This is Part 2 of exploring emotional meltdown causes and challenges. To read Part:1 Introduction, click here.
How The Brain Influences Emotional Meltdowns
We have worked with several students struggling with emotional meltdowns. We have evaluated all of them, which includes a propriety neurodevelomental evaluation and a qEEG brain scan. So what are the brain areas that influence a student's emotional meltdowns? Read on to learn more!
Building From The Ground Up
We evaluate and program for students always remembering that we must build a strong foundation from the most primitive regions of the brain up to the higher cortical levels. So many of our students show very clear “gaps” in their growth and development, often in the most primitive areas of the brain stem and cerebellum and the ability of this region to then “feed up” information to be processed in the midbrain, and ultimately to be received by the frontal lobes where true “at choice” behavior resides. A child struggling with emotional, behavioral, or relational challenges most often shows high degrees of dysregulation in the communication of these systems.
qEEG Brain Map
Every student who enters The Hope School undergoes a holistic evaluation, including a proprietary neurodevelopmental profile and a qEEG brain map. The qEEG stands for Quantitative Electroencephalogram and is a diagnostic tool that measures electrical activity in the form of brain wave patterns. It provides vital information in terms of the brain’s current state of balance and overall communication patterns at the electrical frequencies of Delta, Theta, Alpha, Beta, and High Beta.
Below is a sample qEEG of from a student who struggles with emotional meltdowns.
Limbic System & Prefrontal Cortex
When we look at the qEEGs of students who display emotional behavioral meltdowns, we typically see communication is excessive in the areas of the Limbic System (Insular Cortex, Cingulate Gyrus). This region of the brain is where self-regulation, fight or flight response, and regulation of the body’s homeostasis are located.
Often these areas are struggling to communicate with the Prefrontal Cortex, the part of the brain responsible for executive control of behavior. As we look closely at the measure of coherence under the frequency of High Beta, we see excessive or “locked” communication from both sides of the Prefrontal Cortex to the area of the left Temporal Lobe, responsible for the child’s inner voice.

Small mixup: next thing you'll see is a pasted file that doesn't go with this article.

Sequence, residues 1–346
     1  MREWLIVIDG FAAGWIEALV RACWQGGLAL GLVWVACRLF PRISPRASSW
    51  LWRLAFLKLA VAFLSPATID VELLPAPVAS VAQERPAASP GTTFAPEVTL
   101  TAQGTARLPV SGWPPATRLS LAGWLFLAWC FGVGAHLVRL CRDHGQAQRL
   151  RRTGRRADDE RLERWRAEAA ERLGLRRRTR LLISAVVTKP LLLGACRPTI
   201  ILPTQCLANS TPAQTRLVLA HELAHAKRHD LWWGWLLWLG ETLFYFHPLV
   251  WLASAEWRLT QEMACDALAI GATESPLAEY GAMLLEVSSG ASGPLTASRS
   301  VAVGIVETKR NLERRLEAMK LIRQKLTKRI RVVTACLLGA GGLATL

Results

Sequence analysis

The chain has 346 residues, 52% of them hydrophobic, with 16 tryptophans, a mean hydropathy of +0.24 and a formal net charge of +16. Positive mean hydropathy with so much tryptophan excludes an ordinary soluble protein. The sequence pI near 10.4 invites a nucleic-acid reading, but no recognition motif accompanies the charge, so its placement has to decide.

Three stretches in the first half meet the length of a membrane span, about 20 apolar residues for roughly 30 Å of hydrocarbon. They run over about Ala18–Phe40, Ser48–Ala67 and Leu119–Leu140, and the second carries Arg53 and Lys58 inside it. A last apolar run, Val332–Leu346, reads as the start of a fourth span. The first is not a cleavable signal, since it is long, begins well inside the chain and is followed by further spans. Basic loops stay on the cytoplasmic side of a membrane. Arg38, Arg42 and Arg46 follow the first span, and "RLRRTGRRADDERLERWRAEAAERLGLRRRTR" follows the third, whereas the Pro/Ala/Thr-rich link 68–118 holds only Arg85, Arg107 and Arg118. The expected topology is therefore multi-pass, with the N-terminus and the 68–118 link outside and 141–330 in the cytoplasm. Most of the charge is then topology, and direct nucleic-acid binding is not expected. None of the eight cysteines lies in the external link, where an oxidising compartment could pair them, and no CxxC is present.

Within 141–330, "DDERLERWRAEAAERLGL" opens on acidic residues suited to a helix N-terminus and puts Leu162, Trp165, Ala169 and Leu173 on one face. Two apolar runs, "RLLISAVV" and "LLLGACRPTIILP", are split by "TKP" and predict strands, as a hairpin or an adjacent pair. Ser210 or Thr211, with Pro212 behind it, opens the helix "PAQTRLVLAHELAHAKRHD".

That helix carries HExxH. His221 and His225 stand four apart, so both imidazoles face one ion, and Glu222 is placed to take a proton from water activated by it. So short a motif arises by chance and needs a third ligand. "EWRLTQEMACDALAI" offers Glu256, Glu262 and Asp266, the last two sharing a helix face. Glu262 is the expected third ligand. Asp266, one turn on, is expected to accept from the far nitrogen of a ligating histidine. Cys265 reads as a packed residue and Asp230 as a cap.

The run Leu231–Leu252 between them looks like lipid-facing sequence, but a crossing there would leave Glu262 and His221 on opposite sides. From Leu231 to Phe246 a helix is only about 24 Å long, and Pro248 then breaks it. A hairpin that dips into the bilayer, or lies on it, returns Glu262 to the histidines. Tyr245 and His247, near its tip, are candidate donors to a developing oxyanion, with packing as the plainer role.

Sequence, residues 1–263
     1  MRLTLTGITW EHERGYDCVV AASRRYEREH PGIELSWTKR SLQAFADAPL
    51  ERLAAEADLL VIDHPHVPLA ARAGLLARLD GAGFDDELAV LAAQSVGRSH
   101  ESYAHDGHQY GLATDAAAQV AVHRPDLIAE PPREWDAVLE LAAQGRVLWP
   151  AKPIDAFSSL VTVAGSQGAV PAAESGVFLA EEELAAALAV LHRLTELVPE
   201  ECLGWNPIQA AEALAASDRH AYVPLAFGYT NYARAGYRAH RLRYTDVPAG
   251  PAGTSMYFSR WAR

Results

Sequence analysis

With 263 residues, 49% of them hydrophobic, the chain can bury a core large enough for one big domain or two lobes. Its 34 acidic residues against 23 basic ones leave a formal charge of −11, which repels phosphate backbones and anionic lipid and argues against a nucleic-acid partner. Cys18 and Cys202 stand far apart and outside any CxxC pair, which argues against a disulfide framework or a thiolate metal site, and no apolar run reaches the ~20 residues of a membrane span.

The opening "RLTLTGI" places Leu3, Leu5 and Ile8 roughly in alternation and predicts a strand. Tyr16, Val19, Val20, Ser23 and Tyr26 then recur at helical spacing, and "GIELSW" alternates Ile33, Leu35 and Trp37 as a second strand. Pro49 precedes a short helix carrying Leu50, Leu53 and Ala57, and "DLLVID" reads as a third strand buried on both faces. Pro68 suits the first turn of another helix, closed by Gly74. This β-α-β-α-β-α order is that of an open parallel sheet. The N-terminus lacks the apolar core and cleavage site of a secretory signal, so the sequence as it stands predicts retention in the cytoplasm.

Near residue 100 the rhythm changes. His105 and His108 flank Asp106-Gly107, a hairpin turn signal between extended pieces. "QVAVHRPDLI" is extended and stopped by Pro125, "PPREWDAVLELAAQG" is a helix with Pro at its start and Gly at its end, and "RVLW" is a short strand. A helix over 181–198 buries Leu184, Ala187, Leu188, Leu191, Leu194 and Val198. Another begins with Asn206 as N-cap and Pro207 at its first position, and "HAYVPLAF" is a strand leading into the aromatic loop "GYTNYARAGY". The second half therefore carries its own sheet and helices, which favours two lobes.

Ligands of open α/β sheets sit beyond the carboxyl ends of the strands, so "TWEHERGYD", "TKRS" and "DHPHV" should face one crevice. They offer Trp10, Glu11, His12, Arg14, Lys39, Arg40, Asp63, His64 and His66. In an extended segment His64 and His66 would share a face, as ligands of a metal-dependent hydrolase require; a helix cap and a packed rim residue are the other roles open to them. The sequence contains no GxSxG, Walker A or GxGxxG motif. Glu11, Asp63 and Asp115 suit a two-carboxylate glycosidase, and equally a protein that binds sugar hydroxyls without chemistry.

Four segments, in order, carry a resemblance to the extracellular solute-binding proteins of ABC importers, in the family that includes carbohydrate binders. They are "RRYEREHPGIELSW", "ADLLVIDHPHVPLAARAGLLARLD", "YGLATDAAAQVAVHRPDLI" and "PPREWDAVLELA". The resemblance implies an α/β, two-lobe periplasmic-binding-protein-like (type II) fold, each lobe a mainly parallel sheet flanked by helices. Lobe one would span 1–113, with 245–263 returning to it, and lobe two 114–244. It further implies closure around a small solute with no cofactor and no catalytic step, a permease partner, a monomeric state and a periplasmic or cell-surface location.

Additionally, other locked communication originating from both sides of the Prefrontal Cortex also connect to both sides of the Superior Temporal Gyrus, which is where one experiences emotional stimuli, specifically fear or threat.
In order for us to understand the complexity of the world and to make and execute decisions the different parts of the brain must share information. Coherence is one of the measurements on how well the brain is able to perform this inner self-talk. This measure gives us an indication of how efficiently our brain is working to connect and disconnect different parts of it to accomplish a particular task.
Excessive coherence tends to indicate two or more areas of the brain are “overly connected or locked together”. That is, the brain has become overly dependent on those centers and is not efficiently processing and executing information. This tends to result in poor day-to-day performance. Deficient coherence signified a brain is not able to efficiently connect cortical areas to perform specific tasks.
Anterior Cingulate Cortex & Dorsolateral Prefrontal Cortex
As we look closely at this particular measure of coherence under the frequency of High Beta, we see excessive or “locked” communication from both sides of the Prefrontal Cortex, which is again responsible for execute control of behavior, to the area of the left Temporal Lobe, responsible for the child’s inner voice.
Additionally, other locked communication originating from both sides of the Prefrontal Cortex also connect to both sides of the Superior Temporal Gyrus, which is again where one experiences emotional stimuli, specifically fear or threat.
We want to share three specific challenges we have seen with student's struggling with emotional meltdowns. Click here for Part 3: Challenges.